Although it can be time consuming to maintain, service learning components have been shown to have long-term benefits when combined with sexual health instruction in delaying sexual initiation by youth (Kirby, 2007). Service learninginvolves students being placed in community organizations or businesses to gain practical experience. Students benefit not only from working at the site, but also from reflecting about the work they have performed. Further, programs should be altered based on the needs of the population that is to be targeted. For instance, students who are already sexually active should learn about contraceptives as well as positive behavioral skills regarding their sexual practices (Fisher, Fisher, Bryan, 8c Misovich, 2002; Kirby, 2007). Often, contraceptive knowledge and STI prevention programs show only short-term gains among those who are already sexually active (Coyle et al., 2006; Fisher et al., 2002). It is much more difficult to change sexual behaviors once they have begun than to delay the onset of those behaviors. Even so, it has been shown that older teens respond to the intervention by reporting increased condom usage for sex (Poobalan et al., 2009). In addition, there is little known about the moderating effect of culture and ethnicity on teens' response to these programs. This is an area of needed research vis-ą-vis program effectiveness.


When creating a curriculum for a sexual education program, there should be experts who are knowledgeable about prevention science and theories behind effective evidence-based programs, and who also have knowledge regarding what sex education entails. Next, program developers should address areas on which to focus based on the needs, qualities, and age or developmental stage of the targeted group within the school district (Kirby, 2007; Walcott, Meyers, 8c Landau, 2007). There is a clear indication that the younger the age of those targeted by an intervention, the more successful the program. This is because with younger age groups, the program focus is more preventive; that is, having youth participate in a program before they become sexually active has been found to delay the onset of sexual activity (Poobalan et al., 2009).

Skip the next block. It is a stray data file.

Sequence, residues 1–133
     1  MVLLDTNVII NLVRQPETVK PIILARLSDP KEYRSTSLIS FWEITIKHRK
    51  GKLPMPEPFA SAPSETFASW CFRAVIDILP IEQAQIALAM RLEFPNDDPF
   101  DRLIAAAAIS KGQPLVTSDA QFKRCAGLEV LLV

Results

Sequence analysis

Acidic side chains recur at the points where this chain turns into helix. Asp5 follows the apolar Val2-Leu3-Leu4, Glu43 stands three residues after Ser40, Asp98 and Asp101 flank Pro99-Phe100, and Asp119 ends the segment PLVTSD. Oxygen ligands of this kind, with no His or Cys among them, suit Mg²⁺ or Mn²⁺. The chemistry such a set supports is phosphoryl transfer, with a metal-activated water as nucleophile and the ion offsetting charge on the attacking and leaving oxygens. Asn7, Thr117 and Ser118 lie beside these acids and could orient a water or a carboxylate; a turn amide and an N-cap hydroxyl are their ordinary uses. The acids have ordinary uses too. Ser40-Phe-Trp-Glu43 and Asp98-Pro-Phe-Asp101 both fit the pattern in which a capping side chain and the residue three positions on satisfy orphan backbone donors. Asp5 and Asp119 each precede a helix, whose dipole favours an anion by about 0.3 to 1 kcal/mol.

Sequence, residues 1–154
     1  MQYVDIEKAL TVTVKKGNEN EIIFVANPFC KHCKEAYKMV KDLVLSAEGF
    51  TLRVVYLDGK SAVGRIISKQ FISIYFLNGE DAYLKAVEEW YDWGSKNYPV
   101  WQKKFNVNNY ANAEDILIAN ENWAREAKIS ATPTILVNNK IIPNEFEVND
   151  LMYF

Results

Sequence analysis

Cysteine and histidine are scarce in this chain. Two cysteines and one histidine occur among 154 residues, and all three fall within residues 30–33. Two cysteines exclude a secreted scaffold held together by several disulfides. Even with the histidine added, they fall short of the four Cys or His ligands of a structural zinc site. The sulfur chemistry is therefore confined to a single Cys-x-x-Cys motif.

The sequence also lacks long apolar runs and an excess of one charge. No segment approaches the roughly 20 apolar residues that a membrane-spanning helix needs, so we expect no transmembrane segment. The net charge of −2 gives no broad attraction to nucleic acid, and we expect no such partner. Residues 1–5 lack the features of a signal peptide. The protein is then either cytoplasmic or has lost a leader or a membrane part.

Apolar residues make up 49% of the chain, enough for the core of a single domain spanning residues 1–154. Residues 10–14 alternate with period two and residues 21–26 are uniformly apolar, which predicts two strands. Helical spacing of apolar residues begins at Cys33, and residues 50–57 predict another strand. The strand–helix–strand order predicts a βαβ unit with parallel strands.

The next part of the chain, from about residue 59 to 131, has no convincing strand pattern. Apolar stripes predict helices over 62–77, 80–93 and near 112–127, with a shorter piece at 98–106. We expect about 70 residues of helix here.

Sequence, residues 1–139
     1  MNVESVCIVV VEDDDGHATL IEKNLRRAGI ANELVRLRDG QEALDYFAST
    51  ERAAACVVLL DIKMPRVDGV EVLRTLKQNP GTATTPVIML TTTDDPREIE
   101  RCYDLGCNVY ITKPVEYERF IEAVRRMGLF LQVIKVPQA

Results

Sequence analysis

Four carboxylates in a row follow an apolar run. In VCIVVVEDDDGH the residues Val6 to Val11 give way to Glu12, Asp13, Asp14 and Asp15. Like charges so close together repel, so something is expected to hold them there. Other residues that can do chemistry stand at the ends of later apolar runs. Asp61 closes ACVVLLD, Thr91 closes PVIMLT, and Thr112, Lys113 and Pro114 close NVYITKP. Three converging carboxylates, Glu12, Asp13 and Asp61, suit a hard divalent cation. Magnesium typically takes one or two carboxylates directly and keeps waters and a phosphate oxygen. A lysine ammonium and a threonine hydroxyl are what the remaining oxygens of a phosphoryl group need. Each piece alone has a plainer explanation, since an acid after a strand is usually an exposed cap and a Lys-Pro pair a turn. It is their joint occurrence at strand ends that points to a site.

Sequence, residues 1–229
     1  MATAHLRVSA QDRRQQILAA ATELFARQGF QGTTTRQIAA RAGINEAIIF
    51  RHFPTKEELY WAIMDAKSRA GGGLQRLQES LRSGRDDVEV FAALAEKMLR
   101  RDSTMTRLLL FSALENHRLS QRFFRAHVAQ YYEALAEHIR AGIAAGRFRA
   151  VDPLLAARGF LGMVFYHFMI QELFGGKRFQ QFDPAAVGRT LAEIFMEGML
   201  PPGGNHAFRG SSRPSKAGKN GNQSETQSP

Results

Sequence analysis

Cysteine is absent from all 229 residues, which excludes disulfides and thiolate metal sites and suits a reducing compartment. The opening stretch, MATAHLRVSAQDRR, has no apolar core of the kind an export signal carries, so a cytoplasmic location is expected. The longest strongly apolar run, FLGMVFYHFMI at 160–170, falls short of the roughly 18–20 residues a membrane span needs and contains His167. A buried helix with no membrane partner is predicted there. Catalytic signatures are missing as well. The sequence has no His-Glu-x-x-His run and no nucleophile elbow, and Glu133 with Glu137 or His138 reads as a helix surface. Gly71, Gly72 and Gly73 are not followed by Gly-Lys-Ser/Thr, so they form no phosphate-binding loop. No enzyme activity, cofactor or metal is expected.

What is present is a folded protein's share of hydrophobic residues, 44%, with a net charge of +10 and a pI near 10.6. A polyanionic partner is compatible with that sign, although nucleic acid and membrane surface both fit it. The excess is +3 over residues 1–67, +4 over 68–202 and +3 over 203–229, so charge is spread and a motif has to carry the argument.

Another consideration in developing a curriculum is to not only specify the health behaviors to be modified, but to also focus on behaviors/attitudes that impact these outcomes (Poobalan et al., 2009). Accordingly, the program must address risk and protective factors that affect those behaviors and reasons underlying the behaviors; this information should then be used to design activities that can change unhealthy sexual practices to desirable behaviors (Kirby, 2007). One recommendation is to try the proposed program out on a small scale before implementing it completely or locate an existing program with documented effectiveness (Kirby, 2007). The duration of sexual health programs studied has been inconsistent, so dose-response data or the optimal number of sessions has not been established (Poobalan et al., 2009).

Not surprisingly, the more support for the program, the better it is received. Those considering implementing a sexual education program should focus activities around ideals of the local population to facilitate support from administration, parents, and the community. Program educators should possess characteristics that allow them to connect with youth regarding uncomfortable topics, and should have appropriate training to enable the educator to effectively lead the program. Schools must determine whether the sexual education program is voluntary or if every student in a certain grade (with or without parental permission) will participate. In addition, consideration must be given to recruiting and retaining students to volunteer for participation. Alternative activities should be available for those who do not participate in programs that are voluntary. A critical step is to always implement the program with the utmost fidelity (Kirby, 2007).